Jonathan Keates was born in Paris, France in 1946. Educated at Bryanston and Magdalen College, Oxford, he teaches English at the City of London School.
He is the author of a number of acclaimed biographies, including works on Handel, Purcell and Stendhal, as well as a number of travel books about Italy. He is the author of the short story collections, Allegro Postillions (1983), which won both the James Tait Black Memorial Prize and the Hawthornden Prize, and Soon to Be a Major Motion Picture (1997). He is also the author of two novels, The Stranger's Gallery (1987), set in 19th-century Italy, and Smile Please (2000), a comedy set in the gay community.
Jonathan Keates is a regular contributor to a number of newspapers and journals, including The Observer and the Times Literary Supplement.
His latest work is a book of non-fiction, The Siege of Venice (2005), the story of Venice's last stand in 1848, against its Austrian rulers.
Jonathan Keates is a prolific and eclectic author who has proved to be at ease with diverse literary genres such as fiction, biography, travel writing and critical essays.
His books also cover a wide range of topics and themes, from the contemporary London gay scene to classical music, from Italy’s Risorgimento to French Romanticism and British architectural and historical heritage. Keates has admitted to not having a specific field and to write 'to counterbalance egocentricity by sharing my enthusiasm and curiosity (almost the only decent qualities I possess) with others.' Keates’s curiosity and wide-ranging readings are certainly apparent in his sharp writing style which comfortably intersperses his narratives with learned literary references. Yet, the author’s strong ego does escape counterbalancing from time to time, sacrificing empathy to stylistic elegance. For example, one reviewer of his biography on the French Romantic writer Stendhal has claimed that Keates stands out as more interesting than the subject of his study: 'Stendhal's life story is extraordinarily dull ... Stendhal comes out as a curmudgeon grumbling about everything in sight ... Fortunately, Jonathan Keates himself has an extremely interesting mind, and many of his own words are considerably more interesting out of context than are Stendhal's'.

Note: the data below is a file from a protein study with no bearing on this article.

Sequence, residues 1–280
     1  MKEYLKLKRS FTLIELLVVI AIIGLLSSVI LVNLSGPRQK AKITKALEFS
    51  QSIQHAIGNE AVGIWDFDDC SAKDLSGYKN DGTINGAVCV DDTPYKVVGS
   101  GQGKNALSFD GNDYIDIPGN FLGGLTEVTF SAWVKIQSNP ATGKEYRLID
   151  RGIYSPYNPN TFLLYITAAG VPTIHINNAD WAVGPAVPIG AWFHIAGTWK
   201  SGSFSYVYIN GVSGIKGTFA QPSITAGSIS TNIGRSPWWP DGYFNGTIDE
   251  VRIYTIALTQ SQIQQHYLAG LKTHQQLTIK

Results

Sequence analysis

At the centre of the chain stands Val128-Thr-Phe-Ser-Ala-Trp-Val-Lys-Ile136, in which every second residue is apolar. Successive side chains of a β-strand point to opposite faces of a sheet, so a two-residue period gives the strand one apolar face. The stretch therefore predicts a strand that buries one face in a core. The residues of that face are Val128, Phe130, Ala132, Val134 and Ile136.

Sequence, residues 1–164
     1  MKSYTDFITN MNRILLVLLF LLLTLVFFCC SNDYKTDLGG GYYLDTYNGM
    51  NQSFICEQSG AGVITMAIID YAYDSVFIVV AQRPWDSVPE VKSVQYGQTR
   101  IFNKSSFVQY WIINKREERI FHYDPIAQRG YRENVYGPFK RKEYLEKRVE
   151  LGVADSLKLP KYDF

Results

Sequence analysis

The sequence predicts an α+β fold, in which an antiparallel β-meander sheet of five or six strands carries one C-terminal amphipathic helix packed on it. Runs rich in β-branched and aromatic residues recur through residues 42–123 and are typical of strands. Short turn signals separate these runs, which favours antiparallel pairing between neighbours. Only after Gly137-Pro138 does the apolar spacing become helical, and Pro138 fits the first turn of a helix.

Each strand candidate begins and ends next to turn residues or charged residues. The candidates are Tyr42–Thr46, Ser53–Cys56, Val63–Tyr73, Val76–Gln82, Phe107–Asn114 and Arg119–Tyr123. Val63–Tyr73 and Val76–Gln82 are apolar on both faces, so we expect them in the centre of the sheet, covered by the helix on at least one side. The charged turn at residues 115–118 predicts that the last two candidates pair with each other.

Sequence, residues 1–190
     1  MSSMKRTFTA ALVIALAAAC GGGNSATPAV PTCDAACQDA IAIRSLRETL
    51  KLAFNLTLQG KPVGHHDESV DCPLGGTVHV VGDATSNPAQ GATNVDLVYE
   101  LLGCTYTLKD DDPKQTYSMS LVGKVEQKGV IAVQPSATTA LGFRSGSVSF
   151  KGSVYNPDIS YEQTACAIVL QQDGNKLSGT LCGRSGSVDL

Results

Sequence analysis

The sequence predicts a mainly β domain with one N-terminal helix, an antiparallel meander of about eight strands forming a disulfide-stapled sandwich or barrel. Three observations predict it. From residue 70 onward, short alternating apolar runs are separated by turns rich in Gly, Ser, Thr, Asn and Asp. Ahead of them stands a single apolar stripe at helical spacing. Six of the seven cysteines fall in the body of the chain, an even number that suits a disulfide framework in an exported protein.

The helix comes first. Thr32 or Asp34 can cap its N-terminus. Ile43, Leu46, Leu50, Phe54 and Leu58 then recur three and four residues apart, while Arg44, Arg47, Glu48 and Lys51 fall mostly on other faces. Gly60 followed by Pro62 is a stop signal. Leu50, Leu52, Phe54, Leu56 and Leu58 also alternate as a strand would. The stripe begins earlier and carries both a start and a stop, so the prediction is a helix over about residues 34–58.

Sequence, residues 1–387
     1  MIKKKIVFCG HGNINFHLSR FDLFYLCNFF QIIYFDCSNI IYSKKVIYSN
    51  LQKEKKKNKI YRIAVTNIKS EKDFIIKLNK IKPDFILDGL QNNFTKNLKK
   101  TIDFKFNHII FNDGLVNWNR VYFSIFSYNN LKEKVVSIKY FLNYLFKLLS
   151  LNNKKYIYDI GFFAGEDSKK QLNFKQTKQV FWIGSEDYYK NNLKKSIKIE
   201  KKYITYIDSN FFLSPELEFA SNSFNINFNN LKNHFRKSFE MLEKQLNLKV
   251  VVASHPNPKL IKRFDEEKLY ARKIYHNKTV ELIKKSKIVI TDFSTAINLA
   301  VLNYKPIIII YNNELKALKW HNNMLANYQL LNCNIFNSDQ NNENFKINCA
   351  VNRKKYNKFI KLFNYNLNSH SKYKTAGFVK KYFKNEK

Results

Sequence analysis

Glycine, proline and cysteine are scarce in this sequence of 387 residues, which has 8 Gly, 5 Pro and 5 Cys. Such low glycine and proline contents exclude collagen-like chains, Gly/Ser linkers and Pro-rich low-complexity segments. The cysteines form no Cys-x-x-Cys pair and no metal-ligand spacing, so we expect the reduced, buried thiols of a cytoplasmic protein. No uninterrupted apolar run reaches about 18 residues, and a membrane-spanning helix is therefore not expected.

His collection of short-stories, Allegro Postillions (1983), his first novel, The Stranger’s Gallery (1987), and some of the stories in Soon to Be a Major Motion Picture (1997) are set in Italy. They reflect Keates’ interest for the art and history of the country to which the author has devoted several non-fiction volumes. All the four stories of Allegro Postillions share the same 19th-century setting of The Stranger’s Gallery. Both volumes, because of their historical milieu, have been favourably compared to the Italian classic The Leopard by Giuseppe Tomasi di Lampedusa. The two volumes are concerned with the process of Italian unification (the Risorgimento), which does not merely furnish the historical background to the plot, but actively enters into Keates’s narratives. In 'Morn Advancing', the first story in Allegro Postillions, the Italian landscape and its alterations by the war of independence soon become the veritable protagonist of the narrative. The English painter Cattermole, who has 'an intense dislike of human intrusion in his pictures', wants to capture the beauty of the Southern Italian countryside at dawn. Yet, his endeavour is spoilt by a shoot-out between Italian patriots and the regular soldiers of the Kingdom of the Two Sicilies. At the end of the fight, Cattermole discovers that the landscape 'was all different, thus horrible, spoilt irredeemably by the vulgarity of this action. Even the light now was barbarous. Nothing in the landscape agreed any more, lines were not articulate, shapes not harmonious. Those figures there, small, ideally insignificant in proportion though they were, seemed calculated to wreck the picture'. Cattermole has no sympathy for those Italians fighting for their freedom: 'In death, as in life, their affair could not possibly concern him'. His admiration for Italy is limited to its superficial landscape and not for the historical forces which are changing the country. Allegro Postillions and The Stranger’s Gallery project simultaneously two hard-to-reconcile images of Italy: the romantic land of artistic masterpieces and natural beauties, and the war-torn nation in the making.